“I was already encouraged to see how the global church united around this issue of discrimination and persecution of brothers and sisters in faith. But I was most impressed how asking each other for forgiveness for slandering and discriminating each other throughout history has made it into the final message of the meeting. Change in the world has to start within ourselves.”
Brian C Stiller, Global Ambassador, World Evangelical Alliance:
“This Global Christian Forum avoided cerebral niceties and conventional mantras. Resting clearly in the heart of the Gospel and made alive by Christ’s presence, the subject at hand was faced head on. We established a foundation of biblical assumptions which led us together. We acknowledged historical squabbles and in conversation opened the door for further opportunities of clarification and resolution. I was deeply enriched by the homilies and messages of many.”
Rev. Dr. Richard Howell, General Secretary, Asian Evangelical Alliance, board member, Global Christian Forum:
The united voice of the Global Church determined to work for peace and reconciliation in solidarity with one another is a sign of the Triune God at work in the lives of His people. The highlight is the mutual repentance which paves the way for united action in common witness to the crucified and resurrected Lord Jesus Christ. May the global Church always remain sensitive to the guidance of the Holy Spirit and committed to overcome barriers that have divided us and undermined our witness.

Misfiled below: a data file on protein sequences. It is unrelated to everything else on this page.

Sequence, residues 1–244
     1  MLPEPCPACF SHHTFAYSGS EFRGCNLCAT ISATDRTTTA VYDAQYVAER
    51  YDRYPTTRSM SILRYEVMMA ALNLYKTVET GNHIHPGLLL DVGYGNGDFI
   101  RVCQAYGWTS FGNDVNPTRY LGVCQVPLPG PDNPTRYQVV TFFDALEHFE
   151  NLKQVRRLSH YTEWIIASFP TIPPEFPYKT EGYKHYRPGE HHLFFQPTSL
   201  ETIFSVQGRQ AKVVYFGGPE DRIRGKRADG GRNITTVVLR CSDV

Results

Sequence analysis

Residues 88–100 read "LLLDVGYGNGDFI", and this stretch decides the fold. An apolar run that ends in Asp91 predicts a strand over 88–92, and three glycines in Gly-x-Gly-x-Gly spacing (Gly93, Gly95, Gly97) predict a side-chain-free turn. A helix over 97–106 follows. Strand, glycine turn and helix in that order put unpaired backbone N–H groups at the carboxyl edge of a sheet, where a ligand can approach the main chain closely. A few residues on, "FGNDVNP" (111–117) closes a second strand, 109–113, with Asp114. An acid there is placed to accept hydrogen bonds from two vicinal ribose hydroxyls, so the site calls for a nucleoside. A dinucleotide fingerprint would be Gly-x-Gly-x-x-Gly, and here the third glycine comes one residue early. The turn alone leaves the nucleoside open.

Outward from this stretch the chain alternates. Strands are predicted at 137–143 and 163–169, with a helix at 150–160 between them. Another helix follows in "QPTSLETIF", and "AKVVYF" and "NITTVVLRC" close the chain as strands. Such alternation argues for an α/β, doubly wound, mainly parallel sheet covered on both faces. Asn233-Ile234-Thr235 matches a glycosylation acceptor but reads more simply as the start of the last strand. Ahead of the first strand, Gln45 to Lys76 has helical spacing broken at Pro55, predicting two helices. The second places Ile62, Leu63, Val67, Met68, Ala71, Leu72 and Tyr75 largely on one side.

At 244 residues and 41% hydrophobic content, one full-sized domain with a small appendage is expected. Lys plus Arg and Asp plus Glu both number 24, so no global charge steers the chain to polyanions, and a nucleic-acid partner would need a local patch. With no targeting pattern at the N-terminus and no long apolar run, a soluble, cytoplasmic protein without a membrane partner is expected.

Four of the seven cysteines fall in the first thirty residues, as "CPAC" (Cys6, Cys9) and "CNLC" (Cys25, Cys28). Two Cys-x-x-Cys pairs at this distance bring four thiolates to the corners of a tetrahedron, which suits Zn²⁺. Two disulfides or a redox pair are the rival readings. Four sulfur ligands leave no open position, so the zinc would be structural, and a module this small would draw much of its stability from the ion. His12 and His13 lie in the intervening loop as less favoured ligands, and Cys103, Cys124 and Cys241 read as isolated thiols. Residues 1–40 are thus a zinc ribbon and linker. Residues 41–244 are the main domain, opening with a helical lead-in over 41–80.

Prof. Dr. Christof Sauer, Co-Director, International Institute for Religious Freedom of WEA, member of consultation planning group:
“The consultation issued a remarkable message to the global church. It has found a language that can be widely accepted. The division of Christians by differing use of language must be overcome. The ongoing production of a glossary on the topic discrimination, persecution and martyrdom by the International Institute for Religious Freedom of WEA can contribute to that.”
Prof. Dr. Thomas Schirrmacher, Chair of the Theological Commission of WEA, Moderator of intrafaith and interfaith relations:
“We had not planed to discuss the question of Christians discriminating against and persecuting Christians, even though it came up in the discussions from the very beginning. But than the heads oft he delegation of the Catholic Church proposed, that any call to stop persecution of Christian should mention first, that also Christians in history have persecuted other religions and other churches. The representative of the Pentecostal World Fellowship was very happy about this, but added the apology, that Pentecostals often had a pride and ignorance to those historic churches who carried the gospel through history, often at high costs. The repentance of churches persecuting churches and other religions in the final message is was the unexpected cream on top of a very successful consultation – if one may use such terms in spite of the sad topic of the consultation.”
Rev. Prof. Thomas K. Johnson, Ph.D., Human Rights Advisor to the Theological Commission, World Evangelical Alliance:
“1. In response to the encouragement from Bishop Ef, the evangelical church in which I normally worship already took special efforts on the IDOP, November 8, 2015, to pray for persecuted Christians whose churches were previously unknown to most of our members. It was simply right, and pleasing to God we think, to pray for the heroic believers from the ancient, historic churches, some of whom are now suffering greatly while offering a powerful witness to the gospel of Jesus Christ.